For a long, candlestick patterns have guided the decisions of traders. They still do so today. One of them is the Advance Block candlestick pattern. Today, we’ll discuss how to spot and trade the Advance Block on the charts.
The Advance Block pattern is a bearish reversal candlestick pattern that is made up of three bullish candlesticks. Most times, this pattern appears at the end of a bullish trend.
Theoretically, only a bearish reversal should follow this pattern. But of course, no pattern is correct all the time. So there are times when this pattern merely acts like a trend continuation pattern. Regardless, this rare pattern, when it does appear, makes up the backbone of many traders’ trading strategies, so it is still worth looking at.
Advance Block graphical presentation
To better understand what the pattern looks like let’s show you a graphical presentation of Advance Block.
The pattern can look like this:
If we zoom out such a pattern can take a form like this:
Advance Block candlestick pattern backtest
In order to backtest candlestick patterns you need to set specific rules and definitions. That requires both time and effort, but don’t worry: it’s already done for you!
We have defined ALL 75 candlestick patterns and put them into strict trading rules that are testable. Each single candlestick pattern is backtested and includes rules, settings, statistics, probabilities, and performance metrics.
Even better, you get the rules with Amibroker or Tradestation/Easy Language code (in addition to plain English if you like to code yourself, like putting it into a Python trading strategy, for example).
One key benefit of the Advance Block Candlestick Pattern is that it can provide early warning signs of potential trend changes. By recognizing the pattern and its characteristics, you can get a head start on identifying potential market reversals and making trades accordingly. This can help you stay ahead of the market and potentially capitalize on early moves.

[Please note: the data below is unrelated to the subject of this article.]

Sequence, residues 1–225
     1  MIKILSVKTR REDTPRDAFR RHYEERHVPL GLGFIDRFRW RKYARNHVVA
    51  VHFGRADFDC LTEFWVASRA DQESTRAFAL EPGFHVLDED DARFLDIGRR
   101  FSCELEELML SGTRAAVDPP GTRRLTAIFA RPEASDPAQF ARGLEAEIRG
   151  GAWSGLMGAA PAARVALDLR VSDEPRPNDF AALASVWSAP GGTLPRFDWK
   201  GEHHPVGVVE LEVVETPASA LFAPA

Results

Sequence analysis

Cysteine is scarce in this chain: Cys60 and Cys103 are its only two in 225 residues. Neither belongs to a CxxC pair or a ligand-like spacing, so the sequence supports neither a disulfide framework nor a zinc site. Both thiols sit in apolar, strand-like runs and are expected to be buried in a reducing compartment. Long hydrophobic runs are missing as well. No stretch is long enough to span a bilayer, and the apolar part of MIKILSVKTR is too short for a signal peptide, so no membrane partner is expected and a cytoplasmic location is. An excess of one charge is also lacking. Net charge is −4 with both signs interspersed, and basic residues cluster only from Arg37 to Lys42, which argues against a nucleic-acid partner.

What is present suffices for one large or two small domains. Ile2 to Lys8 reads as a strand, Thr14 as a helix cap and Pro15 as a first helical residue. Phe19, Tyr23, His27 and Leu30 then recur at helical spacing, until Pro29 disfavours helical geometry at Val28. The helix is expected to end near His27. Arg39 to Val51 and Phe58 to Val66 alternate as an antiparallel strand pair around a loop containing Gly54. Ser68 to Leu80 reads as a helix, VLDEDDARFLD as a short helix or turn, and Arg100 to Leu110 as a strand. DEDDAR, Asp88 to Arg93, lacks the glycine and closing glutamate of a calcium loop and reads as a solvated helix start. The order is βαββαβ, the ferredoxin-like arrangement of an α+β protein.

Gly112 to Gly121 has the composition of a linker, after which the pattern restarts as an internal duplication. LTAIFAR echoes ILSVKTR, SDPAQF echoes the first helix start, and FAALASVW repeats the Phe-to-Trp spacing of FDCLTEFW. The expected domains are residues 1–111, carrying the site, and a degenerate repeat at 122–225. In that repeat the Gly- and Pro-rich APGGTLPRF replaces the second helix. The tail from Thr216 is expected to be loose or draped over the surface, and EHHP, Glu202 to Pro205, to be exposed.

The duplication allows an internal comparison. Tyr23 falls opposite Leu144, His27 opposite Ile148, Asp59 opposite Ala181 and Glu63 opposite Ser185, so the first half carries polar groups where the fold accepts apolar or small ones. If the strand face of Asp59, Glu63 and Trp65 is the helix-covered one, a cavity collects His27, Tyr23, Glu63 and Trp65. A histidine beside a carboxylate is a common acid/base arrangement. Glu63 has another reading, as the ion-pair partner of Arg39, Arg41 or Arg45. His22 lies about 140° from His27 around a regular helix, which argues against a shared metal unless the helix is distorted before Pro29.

Another benefit of the Advance Block Candlestick Pattern is that it can help you confirm the significance of other technical indicators and signals. For example, if you are using a trend-following indicator, such as the Moving Average, to identify potential trend changes, the Advance Block Candlestick Pattern can be used to confirm the validity of the signal. This can help you make more confident and informed trading decisions.
In addition, the Advance Block Candlestick Pattern can be used in a variety of market conditions and time frames. Whether you are trading stocks, forex, or other financial instruments, the Advance Block Candlestick Pattern can be a valuable tool to add to your trading arsenal. And because the pattern can be identified on different time frames, from short-term charts to long-term charts, it can be useful for traders with different time horizons and trading styles.
The Advance Block candlestick pattern is easy to spot if you know what to look for.
First off, you need to spot where a bullish candlestick opens below the close of a previous strong bullish candlestick.
The third candlestick also needs to open below the closing price of the second candlestick. But that’s not all. The third candlestick must have a short body and a long shadow, still in the direction of the prevailing uptrend.
You must remember that:
- All three candlesticks must be bullish.
- The second and third candlesticks must open below the closing price of the previous candles.
- Expect the last two candlesticks to have increasingly longer shadows.
If these stars align, you have the Advance Block candlestick pattern.
Almost nothing happens for no reason. Everything we see is a product of cause-effect pairs, and this candlestick pattern is not excused.
So, what causes the Advance Block candlestick pattern to act the way it does?
The Advance Block candlestick pattern starts with a strong bullish or bearish candlestick, depending on where the candlestick appears. Ideally, a new candlestick should start right where the previous one ended. But this is the first “ideal rule” that this candlestick pattern violates.